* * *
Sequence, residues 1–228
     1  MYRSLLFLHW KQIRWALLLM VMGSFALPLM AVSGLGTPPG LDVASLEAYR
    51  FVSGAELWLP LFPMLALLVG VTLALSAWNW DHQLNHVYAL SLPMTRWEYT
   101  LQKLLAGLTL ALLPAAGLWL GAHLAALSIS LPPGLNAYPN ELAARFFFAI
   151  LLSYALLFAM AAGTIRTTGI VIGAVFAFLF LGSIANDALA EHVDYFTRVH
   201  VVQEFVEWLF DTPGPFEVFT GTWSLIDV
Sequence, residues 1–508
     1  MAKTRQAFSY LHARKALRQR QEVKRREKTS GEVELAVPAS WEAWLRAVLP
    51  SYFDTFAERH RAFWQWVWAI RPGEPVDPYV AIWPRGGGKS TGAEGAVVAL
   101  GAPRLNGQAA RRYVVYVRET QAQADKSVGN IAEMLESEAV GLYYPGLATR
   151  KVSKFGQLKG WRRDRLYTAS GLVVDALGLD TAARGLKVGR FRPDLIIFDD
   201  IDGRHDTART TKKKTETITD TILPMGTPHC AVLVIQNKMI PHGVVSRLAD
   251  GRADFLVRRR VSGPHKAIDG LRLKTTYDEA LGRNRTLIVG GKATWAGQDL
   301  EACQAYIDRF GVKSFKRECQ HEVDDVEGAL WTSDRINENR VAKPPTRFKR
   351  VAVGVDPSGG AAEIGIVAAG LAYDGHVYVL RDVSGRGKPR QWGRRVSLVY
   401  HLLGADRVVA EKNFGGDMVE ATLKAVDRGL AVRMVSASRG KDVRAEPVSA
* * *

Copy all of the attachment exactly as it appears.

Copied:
Sequence, residues 1–228
     1  MYRSLLFLHW KQIRWALLLM VMGSFALPLM AVSGLGTPPG LDVASLEAYR
    51  FVSGAELWLP LFPMLALLVG VTLALSAWNW DHQLNHVYAL SLPMTRWEYT
   101  LQKLLAGLTL ALLPAAGLWL GAHLAALSIS LPPGLNAYPN ELAARFFFAI
   151  LLSYALLFAM AAGTIRTTGI VIGAVFAFLF LGSIANDALA EHVDYFTRVH
   201  VVQEFVEWLF DTPGPFEVFT GTWSLIDV
Sequence, residues 1–508
     1  MAKTRQAFSY LHARKALRQR QEVKRREKTS GEVELAVPAS WEAWLRAVLP
    51  SYFDTFAERH RAFWQWVWAI RPGEPVDPYV AIWPRGGGKS TGAEGAVVAL
   101  GAPRLNGQAA RRYVVYVRET QAQADKSVGN IAEMLESEAV GLYYPGLATR
   151  KVSKFGQLKG WRRDRLYTAS GLVVDALGLD TAARGLKVGR FRPDLIIFDD
   201  IDGRHDTART TKKKTETITD TILPMGTPHC AVLVIQNKMI PHGVVSRLAD
   251  GRADFLVRRR VSGPHKAIDG LRLKTTYDEA LGRNRTLIVG GKATWAGQDL
   301  EACQAYIDRF GVKSFKRECQ HEVDDVEGAL WTSDRINENR VAKPPTRFKR
   351  VAVGVDPSGG AAEIGIVAAG LAYDGHVYVL RDVSGRGKPR QWGRRVSLVY
   401  HLLGADRVVA EKNFGGDMVE ATLKAVDRGL AVRMVSASRG KDVRAEPVSA